FJ: That's a new thing I'm doing. I really love the contrast, the strong shadows and the light and that comes from Rembrandt and artists of that period. But then with a portrait that I've been doing, which is more like the classic Greek ideas, bringing those ideas back and embracing a lot of the classic art. In the work that I'm doing, I'm bringing back the traditional nudes. For obvious reasons, nude photography is being portrayed as something a little bit aggressive or not appealing. I guess it comes from pornography and conservative ideas. Nude photography, especially the male nude photography, started to receive a negative connotation.
PIB: You bring a number of different intersecting identities to your art as a queer man, as an immigrant to Canada, and as an artist. How would you find those identities impact your work?
FJ: Well, I guess this is everything. What I do is basically what I feel, what I think. I know I've been here for a long time, but I still feel like I don't belong to here, but I don't belong to Mexico either anymore. So that's a struggle sometimes. What I do is try to see where I belong, and maybe I will never be there anymore, but I don't see it as something bad. It is just my journey. Also, the fact that I have to face in Mexico, that culture is very traditional. That's probably part of why every time I go back, I know that I cannot be there in that traditional environment anymore.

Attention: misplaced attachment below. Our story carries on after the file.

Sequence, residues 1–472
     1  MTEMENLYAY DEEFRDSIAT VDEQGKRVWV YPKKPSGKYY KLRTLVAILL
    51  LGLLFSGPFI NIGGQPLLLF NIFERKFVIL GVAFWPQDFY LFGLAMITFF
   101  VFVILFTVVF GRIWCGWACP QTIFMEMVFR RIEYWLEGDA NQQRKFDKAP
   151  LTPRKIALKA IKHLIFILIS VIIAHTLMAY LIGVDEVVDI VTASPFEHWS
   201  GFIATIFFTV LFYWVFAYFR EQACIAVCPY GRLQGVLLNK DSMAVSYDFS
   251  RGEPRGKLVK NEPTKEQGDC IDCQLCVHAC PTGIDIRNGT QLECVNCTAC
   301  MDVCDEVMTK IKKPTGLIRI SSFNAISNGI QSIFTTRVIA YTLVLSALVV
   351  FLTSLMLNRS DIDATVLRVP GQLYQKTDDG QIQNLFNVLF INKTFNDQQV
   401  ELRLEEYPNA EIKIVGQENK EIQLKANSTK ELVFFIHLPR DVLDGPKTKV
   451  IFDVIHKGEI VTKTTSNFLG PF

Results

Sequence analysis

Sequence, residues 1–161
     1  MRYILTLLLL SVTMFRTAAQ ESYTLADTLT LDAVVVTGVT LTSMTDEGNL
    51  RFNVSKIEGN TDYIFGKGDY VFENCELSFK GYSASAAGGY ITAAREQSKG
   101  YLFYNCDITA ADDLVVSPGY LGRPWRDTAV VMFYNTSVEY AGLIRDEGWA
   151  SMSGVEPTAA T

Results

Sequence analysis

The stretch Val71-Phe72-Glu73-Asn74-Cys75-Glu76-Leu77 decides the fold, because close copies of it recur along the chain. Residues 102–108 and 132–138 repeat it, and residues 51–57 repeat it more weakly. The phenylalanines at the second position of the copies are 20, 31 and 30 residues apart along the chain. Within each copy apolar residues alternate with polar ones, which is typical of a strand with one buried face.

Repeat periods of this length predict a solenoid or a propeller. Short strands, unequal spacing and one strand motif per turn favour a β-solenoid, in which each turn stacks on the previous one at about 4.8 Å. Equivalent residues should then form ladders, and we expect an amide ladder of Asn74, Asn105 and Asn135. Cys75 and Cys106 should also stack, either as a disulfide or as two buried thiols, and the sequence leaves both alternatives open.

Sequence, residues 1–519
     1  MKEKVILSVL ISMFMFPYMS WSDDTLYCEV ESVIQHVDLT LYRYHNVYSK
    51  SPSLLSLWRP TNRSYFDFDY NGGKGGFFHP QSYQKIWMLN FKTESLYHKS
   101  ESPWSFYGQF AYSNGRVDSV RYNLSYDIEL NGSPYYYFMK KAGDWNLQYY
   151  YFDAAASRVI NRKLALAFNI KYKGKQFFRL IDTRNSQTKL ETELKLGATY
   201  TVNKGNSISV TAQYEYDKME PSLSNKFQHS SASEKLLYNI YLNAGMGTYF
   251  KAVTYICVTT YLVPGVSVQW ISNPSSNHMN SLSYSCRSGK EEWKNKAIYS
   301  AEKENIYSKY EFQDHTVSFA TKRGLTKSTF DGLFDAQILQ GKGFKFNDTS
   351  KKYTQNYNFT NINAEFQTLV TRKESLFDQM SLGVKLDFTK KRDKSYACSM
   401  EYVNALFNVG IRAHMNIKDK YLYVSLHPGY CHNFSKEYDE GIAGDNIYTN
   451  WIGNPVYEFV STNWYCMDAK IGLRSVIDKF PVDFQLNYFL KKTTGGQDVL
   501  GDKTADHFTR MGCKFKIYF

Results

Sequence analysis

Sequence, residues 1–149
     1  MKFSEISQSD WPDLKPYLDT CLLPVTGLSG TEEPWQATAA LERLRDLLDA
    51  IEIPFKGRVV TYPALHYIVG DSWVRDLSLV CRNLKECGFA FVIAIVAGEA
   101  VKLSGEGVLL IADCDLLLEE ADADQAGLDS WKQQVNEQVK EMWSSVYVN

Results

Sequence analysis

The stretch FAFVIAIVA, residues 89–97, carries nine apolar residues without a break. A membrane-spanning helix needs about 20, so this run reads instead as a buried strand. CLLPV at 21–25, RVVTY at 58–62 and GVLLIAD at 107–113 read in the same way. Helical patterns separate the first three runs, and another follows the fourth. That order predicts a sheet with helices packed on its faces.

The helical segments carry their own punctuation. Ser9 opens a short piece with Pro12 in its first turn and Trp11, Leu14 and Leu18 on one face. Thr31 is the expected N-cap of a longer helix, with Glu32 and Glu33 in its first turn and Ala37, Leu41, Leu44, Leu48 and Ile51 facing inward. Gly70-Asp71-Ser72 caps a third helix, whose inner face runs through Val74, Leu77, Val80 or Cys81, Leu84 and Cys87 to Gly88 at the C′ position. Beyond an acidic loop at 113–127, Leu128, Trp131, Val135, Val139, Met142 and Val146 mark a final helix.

I'm a little bit of here and there, and I bring it to my work. So it's kind of mixing the strong iconography of Mexico, which I decided to do a lot with the Day of the Dead idea, and then bringing it to the Canadian landscape, which is something that you don't see in Mexico. We don't get this cold weather; it's a world that I'm trying to mix together in my work.
PIB: With this work you've submitted, I get a sense of isolation for all of the figures that are in those wider landscapes of Alberta, but there are typically other objects present. How do you decide to superimpose something over the photography using Photoshop?